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ED recovers over 19 kg gold from bank locker of cyber thug

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New Delhi, May 6:  The Enforcement Directorate (ED) has seized 19.5 kg of gold valued at Rs 14.04 crore from the locker of a cyber fraudster maintained in the name of his mother with the Ballabgarh branch of Indian Bank in Haryana’s Faridabad on May 3, said an official on Monday.

The financial probe agency said the fraudster, identified as Punit Kumar a.k.a Puneet Maheshwari, a resident of Moti Nagar in the national capital, was arrested on April 3 from the Arrival Hall, Terminal-3 of IGI Airport.

“He was produced before the Delhi PMLA Court on the same day and granted ED custody for 12 days and is presently under judicial custody,” said the senior ED official.

The seizure follows specific intelligence indicating that Punit Kumar has hidden the proceeds of cybercrimes in the form of gold in a locker held at Indian Bank under his mother’s name.

Additionally, previous searches conducted under the provisions of the Prevention of Money Laundering Act (PMLA), 2002, at 14 locations in February and March 2024 resulted in the confiscation of various assets.

These include foreign-made gold bars totalling eight kg valued at Rs 5.04 crore found at Punit Kumar’s premises, cash amounting to Rs 75 lakh, jewellery, high-end luxury watches, luxury vehicles like Mercedes, Audi, and Kia, along with incriminating documents and electronic devices containing evidence.

These actions are part of a money laundering scheme involving foreign-based online gaming companies exploiting Indian residents.

According to ED sources, Punit Kumar, Ashish Kakkar, who was arrested on March 2, Keshav Sood, a resident of Anand Niketan, Chanakyapuri, and Shiv Dargar, who resides in Saket and others have facilitated outward remittances derived from cybercrimes.

The ED alleged that the accused engaged in hawala transactions to various destinations worldwide, including the UAE, Singapore, Hong Kong, China, Malaysia, Mauritius, and Thailand, among others.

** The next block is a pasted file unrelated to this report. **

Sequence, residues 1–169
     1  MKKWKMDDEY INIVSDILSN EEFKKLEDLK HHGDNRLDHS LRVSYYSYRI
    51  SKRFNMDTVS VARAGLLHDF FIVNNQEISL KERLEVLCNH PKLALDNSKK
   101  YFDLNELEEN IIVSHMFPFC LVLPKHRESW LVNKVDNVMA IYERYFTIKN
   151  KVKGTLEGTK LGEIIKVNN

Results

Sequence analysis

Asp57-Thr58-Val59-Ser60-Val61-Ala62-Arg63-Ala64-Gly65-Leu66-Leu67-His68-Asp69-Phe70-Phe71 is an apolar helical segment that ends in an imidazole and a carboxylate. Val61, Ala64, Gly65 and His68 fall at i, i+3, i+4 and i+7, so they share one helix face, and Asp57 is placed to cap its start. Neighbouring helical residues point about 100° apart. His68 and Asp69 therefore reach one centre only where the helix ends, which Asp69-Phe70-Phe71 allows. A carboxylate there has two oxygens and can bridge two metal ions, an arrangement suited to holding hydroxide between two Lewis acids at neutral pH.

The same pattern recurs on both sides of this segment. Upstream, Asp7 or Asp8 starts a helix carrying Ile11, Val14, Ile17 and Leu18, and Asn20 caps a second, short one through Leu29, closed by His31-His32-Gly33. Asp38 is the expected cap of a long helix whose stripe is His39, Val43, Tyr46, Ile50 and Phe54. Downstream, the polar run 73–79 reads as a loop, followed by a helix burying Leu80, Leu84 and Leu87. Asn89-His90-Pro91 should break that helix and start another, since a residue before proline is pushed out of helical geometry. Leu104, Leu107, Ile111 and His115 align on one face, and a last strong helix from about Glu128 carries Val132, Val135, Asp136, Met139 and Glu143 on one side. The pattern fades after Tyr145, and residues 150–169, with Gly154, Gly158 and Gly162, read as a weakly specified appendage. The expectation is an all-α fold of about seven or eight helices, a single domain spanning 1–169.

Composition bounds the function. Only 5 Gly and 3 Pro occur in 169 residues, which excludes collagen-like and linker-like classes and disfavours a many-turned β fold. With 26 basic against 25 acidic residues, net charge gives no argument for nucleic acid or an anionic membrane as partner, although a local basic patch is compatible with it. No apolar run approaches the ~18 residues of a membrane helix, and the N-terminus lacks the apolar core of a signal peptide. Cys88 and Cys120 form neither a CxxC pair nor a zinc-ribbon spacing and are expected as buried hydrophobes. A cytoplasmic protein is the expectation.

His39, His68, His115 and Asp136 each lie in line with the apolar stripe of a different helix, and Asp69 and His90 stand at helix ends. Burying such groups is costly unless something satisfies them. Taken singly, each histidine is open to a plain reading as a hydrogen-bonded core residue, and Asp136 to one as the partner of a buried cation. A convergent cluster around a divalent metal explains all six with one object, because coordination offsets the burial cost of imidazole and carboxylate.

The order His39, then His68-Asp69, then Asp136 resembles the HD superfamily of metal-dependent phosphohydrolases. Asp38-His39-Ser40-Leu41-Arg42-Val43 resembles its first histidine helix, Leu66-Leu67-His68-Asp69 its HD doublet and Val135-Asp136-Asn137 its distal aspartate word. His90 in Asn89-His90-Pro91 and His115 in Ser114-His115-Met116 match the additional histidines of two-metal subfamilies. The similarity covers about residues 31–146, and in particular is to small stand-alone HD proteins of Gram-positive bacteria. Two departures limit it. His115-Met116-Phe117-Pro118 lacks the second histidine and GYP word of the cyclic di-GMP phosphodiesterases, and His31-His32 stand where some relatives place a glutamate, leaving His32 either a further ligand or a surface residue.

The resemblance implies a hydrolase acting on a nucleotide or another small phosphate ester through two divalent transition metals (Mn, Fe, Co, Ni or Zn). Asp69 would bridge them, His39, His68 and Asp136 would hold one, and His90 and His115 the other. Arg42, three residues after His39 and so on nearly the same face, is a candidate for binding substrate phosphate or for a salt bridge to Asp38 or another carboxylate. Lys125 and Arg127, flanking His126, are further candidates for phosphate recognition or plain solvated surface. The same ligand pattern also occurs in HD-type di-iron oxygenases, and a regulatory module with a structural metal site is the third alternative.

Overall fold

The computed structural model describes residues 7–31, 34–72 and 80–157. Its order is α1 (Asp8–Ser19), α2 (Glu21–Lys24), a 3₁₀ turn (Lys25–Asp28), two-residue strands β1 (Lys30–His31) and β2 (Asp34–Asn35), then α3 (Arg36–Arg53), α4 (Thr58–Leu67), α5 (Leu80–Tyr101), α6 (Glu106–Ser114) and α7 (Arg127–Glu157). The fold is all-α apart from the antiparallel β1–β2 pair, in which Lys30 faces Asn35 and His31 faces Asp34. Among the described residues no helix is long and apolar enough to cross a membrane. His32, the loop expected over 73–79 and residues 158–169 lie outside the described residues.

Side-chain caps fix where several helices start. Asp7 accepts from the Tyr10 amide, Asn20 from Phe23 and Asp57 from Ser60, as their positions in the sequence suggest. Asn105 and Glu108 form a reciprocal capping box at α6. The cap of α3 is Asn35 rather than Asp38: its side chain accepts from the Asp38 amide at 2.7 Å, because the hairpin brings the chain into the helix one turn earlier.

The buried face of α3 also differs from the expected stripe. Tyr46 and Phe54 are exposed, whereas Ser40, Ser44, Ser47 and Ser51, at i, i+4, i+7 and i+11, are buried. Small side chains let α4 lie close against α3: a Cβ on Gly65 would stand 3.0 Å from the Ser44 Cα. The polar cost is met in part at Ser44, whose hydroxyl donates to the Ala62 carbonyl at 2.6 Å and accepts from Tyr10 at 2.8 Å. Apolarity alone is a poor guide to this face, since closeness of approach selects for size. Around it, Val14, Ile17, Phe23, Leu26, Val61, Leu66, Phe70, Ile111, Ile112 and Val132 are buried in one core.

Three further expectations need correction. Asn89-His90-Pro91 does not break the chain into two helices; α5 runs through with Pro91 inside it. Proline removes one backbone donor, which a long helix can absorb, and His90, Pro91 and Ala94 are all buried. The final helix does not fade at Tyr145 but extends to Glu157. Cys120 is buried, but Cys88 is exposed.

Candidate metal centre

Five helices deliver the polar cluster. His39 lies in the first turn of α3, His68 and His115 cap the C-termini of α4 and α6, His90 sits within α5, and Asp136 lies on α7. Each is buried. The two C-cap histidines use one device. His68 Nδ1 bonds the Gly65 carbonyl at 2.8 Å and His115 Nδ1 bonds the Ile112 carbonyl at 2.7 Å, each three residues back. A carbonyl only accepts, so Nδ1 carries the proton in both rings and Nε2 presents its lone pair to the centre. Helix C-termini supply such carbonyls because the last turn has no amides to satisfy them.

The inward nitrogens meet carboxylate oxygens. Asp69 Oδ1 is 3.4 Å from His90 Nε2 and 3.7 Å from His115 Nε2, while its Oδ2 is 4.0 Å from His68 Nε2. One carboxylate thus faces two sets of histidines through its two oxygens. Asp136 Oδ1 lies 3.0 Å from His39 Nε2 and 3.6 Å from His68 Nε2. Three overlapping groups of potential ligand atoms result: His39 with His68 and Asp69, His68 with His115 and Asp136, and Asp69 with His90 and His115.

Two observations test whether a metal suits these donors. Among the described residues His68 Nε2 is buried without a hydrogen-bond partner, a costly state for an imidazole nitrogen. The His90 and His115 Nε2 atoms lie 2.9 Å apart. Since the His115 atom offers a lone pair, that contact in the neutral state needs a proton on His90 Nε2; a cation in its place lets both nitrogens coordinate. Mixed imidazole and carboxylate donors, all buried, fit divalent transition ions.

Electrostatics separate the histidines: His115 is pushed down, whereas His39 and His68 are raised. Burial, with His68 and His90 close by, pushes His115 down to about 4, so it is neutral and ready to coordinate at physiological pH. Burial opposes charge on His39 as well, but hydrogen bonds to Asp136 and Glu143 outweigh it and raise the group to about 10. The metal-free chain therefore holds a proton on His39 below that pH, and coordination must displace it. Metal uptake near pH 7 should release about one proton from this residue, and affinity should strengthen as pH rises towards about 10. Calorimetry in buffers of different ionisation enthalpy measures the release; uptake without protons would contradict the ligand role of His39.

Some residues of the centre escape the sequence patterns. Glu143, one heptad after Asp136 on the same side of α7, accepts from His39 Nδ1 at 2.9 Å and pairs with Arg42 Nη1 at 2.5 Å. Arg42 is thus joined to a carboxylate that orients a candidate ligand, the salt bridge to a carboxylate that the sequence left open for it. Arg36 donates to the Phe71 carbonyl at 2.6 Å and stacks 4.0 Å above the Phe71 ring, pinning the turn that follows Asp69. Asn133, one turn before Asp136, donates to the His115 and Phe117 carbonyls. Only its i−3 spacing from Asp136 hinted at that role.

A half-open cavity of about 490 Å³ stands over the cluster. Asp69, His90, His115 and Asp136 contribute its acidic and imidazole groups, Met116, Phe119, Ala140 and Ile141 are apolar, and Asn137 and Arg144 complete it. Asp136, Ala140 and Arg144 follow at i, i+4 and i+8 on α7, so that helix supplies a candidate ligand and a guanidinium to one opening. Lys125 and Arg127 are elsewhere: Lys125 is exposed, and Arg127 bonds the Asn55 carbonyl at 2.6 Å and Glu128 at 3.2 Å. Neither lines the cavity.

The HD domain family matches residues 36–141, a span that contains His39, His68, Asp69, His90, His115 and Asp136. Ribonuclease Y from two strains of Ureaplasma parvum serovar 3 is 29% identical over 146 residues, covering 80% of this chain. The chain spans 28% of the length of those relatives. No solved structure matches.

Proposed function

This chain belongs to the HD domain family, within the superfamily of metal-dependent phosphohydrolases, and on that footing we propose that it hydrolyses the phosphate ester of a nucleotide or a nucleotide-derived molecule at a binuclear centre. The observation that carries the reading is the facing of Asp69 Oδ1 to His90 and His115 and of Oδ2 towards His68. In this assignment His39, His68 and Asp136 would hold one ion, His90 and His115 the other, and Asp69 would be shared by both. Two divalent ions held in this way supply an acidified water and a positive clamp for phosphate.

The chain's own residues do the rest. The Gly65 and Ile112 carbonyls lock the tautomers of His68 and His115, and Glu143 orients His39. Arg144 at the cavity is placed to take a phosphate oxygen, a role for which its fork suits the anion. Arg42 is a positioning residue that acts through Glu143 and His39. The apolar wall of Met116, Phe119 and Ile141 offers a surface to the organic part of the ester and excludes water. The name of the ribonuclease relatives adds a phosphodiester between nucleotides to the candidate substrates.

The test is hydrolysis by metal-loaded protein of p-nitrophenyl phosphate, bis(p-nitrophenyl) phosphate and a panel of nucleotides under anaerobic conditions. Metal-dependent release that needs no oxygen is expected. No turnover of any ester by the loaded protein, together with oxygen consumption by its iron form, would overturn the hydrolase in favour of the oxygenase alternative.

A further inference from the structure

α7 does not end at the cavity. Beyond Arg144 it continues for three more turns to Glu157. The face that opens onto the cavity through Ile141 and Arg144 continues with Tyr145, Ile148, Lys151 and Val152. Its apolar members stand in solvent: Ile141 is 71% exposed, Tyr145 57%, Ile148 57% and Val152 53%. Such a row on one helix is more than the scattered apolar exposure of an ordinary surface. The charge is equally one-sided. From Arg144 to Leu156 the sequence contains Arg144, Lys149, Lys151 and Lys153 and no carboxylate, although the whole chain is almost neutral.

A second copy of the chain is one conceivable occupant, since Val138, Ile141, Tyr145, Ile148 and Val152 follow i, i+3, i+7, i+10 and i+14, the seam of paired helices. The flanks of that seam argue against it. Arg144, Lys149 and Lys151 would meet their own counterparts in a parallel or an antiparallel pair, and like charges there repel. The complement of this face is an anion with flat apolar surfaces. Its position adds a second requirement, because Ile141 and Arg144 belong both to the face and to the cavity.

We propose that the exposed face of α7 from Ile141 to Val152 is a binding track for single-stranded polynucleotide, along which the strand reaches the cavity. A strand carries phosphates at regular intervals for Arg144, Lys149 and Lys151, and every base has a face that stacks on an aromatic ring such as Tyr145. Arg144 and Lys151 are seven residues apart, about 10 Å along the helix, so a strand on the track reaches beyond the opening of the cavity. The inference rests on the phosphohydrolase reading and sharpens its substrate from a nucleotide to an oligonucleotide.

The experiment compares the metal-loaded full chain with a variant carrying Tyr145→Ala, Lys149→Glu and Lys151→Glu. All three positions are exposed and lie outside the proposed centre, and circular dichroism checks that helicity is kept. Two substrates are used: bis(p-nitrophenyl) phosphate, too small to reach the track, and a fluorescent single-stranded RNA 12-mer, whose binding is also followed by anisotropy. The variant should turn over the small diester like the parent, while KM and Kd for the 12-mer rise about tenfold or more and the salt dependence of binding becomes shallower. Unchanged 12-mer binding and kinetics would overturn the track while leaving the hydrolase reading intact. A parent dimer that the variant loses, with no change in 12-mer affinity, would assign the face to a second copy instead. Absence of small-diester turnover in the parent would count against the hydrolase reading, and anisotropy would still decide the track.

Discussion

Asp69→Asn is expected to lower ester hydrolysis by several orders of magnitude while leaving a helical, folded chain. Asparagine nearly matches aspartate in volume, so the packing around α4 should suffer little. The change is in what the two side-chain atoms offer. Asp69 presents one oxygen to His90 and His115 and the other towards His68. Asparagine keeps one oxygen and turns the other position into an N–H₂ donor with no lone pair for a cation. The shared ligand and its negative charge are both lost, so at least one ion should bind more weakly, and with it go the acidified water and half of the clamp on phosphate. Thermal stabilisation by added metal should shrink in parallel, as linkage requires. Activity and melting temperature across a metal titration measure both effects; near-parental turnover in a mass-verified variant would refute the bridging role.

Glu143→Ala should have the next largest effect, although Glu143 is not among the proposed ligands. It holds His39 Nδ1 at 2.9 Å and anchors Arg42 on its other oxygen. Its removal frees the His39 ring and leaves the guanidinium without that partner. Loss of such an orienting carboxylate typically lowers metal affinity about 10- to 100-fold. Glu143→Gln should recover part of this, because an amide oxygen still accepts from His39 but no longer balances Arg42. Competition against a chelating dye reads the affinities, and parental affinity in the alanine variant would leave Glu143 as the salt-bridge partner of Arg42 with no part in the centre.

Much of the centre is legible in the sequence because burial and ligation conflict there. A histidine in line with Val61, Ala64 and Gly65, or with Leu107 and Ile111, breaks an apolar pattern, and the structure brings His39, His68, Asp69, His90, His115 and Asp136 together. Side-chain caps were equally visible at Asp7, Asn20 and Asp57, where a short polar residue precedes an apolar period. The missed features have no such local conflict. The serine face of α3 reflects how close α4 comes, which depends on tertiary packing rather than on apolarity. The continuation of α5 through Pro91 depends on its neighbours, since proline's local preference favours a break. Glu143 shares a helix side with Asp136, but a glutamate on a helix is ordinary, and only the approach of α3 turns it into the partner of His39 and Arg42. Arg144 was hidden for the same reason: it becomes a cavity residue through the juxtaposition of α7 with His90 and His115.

During searches at Kakkar’s properties on May 22 and 23, last year, conducted under the Foreign Exchange Management Act (FEMA), the ED recovered and seized a significant number of incriminating documents, forged/fake IDs like Aadhaar and PAN cards, digital devices for online transactions in foreign banks, laptops, computer hard disks, and pen drives containing electronic records related to numerous Foreign Outward Remittances. They also found stamps from numerous Indian and foreign registered firms, as well as blank letterheads from several such Indian and foreign firms.

The ED sources further said that Kakkar established and operated multiple shell trading firms/bogus companies across India and abroad, primarily in China, Singapore, Hong Kong, and Dubai. These firms were registered in the names of various employees or hired individuals using fabricated or forged documents. They were utilised for collecting, routing, and outwardly remitting the proceeds of crime from online gaming activities conducted by foreign registered gaming websites.

It’s worth noting that sending proceeds of crime out of India from online gaming violates FEMA provisions.

Kakkar and his associates allegedly devised a distinctive modus operandi involving the creation of dummy firms using forged or fabricated documents. They then used these firms for import/export activities in Special Economic Zones and outward foreign remittances against these imports to evade FEMA restrictions. The same forged documents were also used in the operations of bank accounts opened under the names of dummy companies/firms.

Sources claim that using this modus operandi, the alleged individuals operated 188 bank accounts for 167 domestic firms/companies and 110 bank accounts for 105 foreign firms/companies. Among the foreign companies, 46 were based in China, 30 in Singapore, 18 in Hong Kong, seven in the UAE, two in Malaysia, one in Thailand, and one in Mauritius. The accused allegedly retained blank chequebooks of the dummy firms/companies after obtaining or forging signatures on blank leaves.

IANS

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